Wednesday, May 21, 2014

A New Way to Solve Confounding?

IV Graph from Imbens (2014)
Confounding refers to statistical problem that there is some unobserved characteristic of the patient that is both determining the patient's observed treatment and the patient's outcome.

For example, this study shows that older stage III colon cancer patients are much less likely to receive oxaliplatin as an adjuvant therapy than younger patients.  This may be the reason that in the Medicare data, oxaliplatin is associated with bigger survival effects than in the randomized control trials.  The Medicare data suffers from a confounding problem.  Doctors of sicker patients may be less willing to prescribe oxaliplatin because of its side effect profile.  The observed difference in survival may not be due to the use of oxaliplatin, it may simply be the fact that the non-oxaliplatin patients are sicker.

In the graph to the right, the unobserved variable (patient "sickness") is represented by the red U.  The patient's treatment (oxaliplatin or not) is represented by the black X and the patient's survival is represented by the black Y.  We would like to know whether there is a blue line from X to Y, representing treatment effect of using oxaliplatin on survival.  But we can't determine the treatment effect because U is affecting both X and Y through the red lines from U to X and U to Y.  Sicker patients are less likely to get oxaliplatin (red line from U to X) and sicker patients have lower survival (red line from U to Y).

A standard way to solve the confounding problem is to observe (or introduce) a fourth variable (Z) which is called an "instrumental variable."  As the graph shows, the instrument is some observed characteristic of the patient that determines the patient's treatment choice but is unrelated to the patient's unobserved characteristic or the patient's survival.  In randomized control trials the instrument is the random number generating process that is used to assign patients to treatment arms.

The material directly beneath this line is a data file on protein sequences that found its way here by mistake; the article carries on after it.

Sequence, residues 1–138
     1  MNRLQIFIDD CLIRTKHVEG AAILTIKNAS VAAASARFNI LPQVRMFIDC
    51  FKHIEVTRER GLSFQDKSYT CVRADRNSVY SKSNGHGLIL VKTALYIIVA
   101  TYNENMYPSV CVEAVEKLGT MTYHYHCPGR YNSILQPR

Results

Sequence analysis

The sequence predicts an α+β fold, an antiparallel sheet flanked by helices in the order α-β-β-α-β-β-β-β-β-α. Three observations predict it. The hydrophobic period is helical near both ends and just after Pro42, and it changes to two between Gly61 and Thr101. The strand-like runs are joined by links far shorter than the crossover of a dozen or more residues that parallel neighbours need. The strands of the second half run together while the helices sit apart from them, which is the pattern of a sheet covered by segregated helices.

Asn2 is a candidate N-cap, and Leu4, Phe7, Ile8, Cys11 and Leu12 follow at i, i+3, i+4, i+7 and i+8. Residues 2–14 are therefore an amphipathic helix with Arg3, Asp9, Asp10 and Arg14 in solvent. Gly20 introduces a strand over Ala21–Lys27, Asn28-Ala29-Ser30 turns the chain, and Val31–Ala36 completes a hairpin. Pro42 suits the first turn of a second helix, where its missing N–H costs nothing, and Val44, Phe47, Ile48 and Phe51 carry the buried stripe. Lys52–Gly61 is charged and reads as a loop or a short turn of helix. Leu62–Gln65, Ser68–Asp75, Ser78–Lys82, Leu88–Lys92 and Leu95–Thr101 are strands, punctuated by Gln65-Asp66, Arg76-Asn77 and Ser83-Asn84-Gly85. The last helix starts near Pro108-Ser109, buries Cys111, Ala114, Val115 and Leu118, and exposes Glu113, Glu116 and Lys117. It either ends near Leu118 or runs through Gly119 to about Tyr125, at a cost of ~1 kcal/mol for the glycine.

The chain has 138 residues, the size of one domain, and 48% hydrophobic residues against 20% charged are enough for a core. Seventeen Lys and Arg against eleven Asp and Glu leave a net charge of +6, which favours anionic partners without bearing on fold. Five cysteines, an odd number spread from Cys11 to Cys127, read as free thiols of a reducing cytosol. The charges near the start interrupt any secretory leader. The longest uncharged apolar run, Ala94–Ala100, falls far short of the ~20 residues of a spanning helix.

In the Medicare data on the use of oxaliplatin, the instrument may be the date of the diagnosis.  Patient's diagnosed earlier were much less likely to receive oxaliplatin than patient diagnosed at a later date.  By looking at changes in survival over the time period of the introduction of oxaliplatin we can determine the causal effect of oxaliplatin on survival (assuming no other major changes to treatment during the same time period).  

An alternative way to solve the confounding problem is to measure all the confounding characteristics.  If we observe U then we can simply measure the effect of X and U on Y.  If we observe the co-morbidities of the patient we can measure the relationship between the co-morbidities and the use of oxaliplatin on survival.  The problem with this approach is that we may not observe all the confounding factors.

A new paper of mine (see discussion here) suggest an alternative approach.  Instead of attempting to directly measure U, we infer U from observable characteristics of the patient.  Instead of attempting to directly measure the "sickness" of the patient, we look at observable characteristics of the patient like their age and use those signals to determine the distribution of patient's latent sickness type.

This mixture model approach has the advantage of not requiring instruments and not requiring that observe every possible characteristic of the patient that may be determining the treatment choice.

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